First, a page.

The concept behind the GPS – where am I, anyway? – is nothing new. Guidebooks and maps have been available for centuries to aid travelers. Few maps, however, are as unique as this one: a Victorian lady's glove that promised to keep the wearer from becoming lost by placing directions literally in the palm of her hand.
The Great Exhibition of the Works of Industry of All Nations that took place in Hyde Park, London, in the summer of 1851 was one of the first of the grand international exhibitions of the 19th c. Over six million people attended the Exhibition, streaming into London from every corner of the world. These gloves were created by George Shove as a fashionably discrete way for an out-of-towner to find her way about town. The map printed on the palm shows not only the famous Crystal Palace, the center of the Exhibition, but also other popular tourist destinations like Kensington Gardens, the British Museum, and St. Paul's Cathedral: an amusing, useful souvenir of London.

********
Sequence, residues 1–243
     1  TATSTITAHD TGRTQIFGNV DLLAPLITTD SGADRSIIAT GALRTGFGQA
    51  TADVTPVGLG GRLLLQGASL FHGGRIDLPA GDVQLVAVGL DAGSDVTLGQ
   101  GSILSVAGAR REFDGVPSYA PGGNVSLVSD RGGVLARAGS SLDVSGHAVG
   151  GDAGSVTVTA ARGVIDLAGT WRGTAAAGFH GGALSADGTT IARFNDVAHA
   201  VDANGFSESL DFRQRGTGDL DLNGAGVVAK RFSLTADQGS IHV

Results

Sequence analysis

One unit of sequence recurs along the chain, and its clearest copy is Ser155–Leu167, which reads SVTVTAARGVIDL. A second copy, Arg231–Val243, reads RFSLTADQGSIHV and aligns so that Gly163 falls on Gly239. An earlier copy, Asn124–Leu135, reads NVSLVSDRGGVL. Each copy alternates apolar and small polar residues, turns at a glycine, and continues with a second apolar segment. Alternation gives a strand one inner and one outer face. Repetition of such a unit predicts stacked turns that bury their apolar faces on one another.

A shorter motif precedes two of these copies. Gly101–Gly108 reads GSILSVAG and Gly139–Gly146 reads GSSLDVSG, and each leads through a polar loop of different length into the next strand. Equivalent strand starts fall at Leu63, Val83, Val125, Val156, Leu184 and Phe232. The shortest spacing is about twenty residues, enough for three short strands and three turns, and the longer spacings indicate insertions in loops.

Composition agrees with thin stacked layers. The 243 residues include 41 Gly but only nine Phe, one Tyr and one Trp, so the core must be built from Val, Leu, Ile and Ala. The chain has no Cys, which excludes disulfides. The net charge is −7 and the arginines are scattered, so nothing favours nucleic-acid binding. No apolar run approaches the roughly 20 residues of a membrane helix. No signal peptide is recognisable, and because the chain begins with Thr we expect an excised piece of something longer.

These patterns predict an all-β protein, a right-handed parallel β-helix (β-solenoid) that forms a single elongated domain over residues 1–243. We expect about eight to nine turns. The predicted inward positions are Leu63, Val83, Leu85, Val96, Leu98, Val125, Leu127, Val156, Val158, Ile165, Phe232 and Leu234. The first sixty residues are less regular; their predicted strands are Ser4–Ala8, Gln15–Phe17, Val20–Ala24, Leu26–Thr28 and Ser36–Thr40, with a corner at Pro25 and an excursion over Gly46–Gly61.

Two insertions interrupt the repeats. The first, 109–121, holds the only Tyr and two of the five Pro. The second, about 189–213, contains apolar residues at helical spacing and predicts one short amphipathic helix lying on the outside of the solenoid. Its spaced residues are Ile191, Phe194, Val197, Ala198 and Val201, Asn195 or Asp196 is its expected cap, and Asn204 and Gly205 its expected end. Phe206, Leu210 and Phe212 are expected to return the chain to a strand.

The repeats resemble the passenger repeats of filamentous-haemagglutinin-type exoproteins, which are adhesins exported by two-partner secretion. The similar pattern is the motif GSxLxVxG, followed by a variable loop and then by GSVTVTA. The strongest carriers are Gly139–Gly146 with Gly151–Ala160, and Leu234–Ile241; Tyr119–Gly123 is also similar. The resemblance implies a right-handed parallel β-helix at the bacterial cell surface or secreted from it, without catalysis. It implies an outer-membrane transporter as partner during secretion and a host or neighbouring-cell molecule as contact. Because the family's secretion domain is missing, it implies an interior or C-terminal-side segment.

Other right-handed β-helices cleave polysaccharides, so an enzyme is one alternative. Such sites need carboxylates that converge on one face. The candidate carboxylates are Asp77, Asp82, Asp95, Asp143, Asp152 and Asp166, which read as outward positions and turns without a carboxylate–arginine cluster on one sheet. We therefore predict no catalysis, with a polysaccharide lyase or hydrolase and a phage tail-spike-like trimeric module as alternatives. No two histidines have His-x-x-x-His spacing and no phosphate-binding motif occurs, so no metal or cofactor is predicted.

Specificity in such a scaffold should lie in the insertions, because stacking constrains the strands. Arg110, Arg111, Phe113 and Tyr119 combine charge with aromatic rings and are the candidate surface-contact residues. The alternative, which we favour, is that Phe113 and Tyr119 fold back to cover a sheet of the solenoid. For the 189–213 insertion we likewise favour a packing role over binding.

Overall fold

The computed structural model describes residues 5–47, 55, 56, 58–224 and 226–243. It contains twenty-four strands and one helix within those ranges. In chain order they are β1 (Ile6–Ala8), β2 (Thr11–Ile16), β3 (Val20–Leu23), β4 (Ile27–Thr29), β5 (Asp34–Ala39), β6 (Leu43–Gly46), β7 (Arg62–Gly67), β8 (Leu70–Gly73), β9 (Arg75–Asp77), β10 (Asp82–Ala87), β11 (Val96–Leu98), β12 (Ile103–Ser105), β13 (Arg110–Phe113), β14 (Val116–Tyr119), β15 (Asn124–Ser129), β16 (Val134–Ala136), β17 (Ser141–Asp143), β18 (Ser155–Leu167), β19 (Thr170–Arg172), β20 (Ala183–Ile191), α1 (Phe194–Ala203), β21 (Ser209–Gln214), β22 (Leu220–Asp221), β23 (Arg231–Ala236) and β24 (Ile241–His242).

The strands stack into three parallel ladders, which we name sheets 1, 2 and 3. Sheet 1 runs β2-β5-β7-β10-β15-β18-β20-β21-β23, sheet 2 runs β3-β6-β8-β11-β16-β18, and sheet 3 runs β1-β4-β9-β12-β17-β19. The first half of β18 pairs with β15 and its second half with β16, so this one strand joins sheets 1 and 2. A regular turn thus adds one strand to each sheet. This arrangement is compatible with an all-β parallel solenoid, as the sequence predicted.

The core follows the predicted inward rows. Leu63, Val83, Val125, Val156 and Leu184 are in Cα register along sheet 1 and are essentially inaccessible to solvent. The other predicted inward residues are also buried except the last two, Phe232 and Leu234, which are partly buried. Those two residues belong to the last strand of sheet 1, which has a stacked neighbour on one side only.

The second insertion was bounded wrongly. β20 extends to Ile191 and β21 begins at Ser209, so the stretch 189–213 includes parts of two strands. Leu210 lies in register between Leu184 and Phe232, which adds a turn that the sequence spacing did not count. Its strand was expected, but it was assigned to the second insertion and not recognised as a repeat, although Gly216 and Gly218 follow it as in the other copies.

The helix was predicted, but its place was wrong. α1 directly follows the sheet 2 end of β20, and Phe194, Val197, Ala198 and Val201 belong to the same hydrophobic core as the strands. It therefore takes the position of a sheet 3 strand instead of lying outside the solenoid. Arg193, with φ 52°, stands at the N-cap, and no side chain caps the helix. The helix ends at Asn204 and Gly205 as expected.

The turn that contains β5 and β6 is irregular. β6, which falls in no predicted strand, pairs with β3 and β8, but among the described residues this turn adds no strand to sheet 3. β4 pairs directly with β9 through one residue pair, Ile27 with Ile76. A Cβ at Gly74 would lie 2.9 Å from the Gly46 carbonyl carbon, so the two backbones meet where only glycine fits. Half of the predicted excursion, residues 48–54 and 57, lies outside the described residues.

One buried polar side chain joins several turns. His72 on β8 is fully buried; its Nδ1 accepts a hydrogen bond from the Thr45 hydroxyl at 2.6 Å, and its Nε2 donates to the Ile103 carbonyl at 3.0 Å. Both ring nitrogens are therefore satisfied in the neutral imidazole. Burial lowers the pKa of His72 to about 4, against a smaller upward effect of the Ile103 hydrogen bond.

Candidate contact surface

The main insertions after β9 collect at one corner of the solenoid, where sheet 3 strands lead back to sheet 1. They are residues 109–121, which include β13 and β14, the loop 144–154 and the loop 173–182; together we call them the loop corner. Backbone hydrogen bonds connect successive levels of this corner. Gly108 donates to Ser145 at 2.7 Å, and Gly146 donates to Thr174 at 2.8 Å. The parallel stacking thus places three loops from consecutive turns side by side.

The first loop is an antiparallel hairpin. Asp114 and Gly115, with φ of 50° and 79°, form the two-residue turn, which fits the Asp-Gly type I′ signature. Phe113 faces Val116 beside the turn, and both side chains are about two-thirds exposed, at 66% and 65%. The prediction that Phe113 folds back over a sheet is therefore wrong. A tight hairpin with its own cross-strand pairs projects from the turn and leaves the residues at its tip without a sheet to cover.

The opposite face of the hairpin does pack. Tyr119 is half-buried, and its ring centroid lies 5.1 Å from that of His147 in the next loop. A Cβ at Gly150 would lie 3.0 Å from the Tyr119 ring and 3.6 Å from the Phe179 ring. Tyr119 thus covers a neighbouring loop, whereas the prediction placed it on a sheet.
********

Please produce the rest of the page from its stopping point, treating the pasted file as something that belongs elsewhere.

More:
Those are the facts behind this handy map. But, being a writer with the usual writer's over-active imagination, I can't help but think of other, fictional purposes for such a glove. What about a pair for the hapless maidservant who, although fleet of foot while on errands for her mistress, could never quite recall directions to his destination? Or even more intriguing, why not for the young gentleman setting out on a night of entertainment, his gloves ready to guide him home again no matter how much he over-indulged?
Glove Map of London, George Shove, 1861, The National Archives of the United Kingdom
There’s a big difference in how we use history. But we’re equally nuts about it. To us, the everyday details of life in the past are things to talk about, ponder, make fun of -- much in the way normal people talk about their favorite reality show.
We talk about who’s wearing what and who’s sleeping with whom. We try to sort out rumor or myth from fact. We thought there must be at least three other people out there who think history’s fascinating and fun, too. This blog is for them.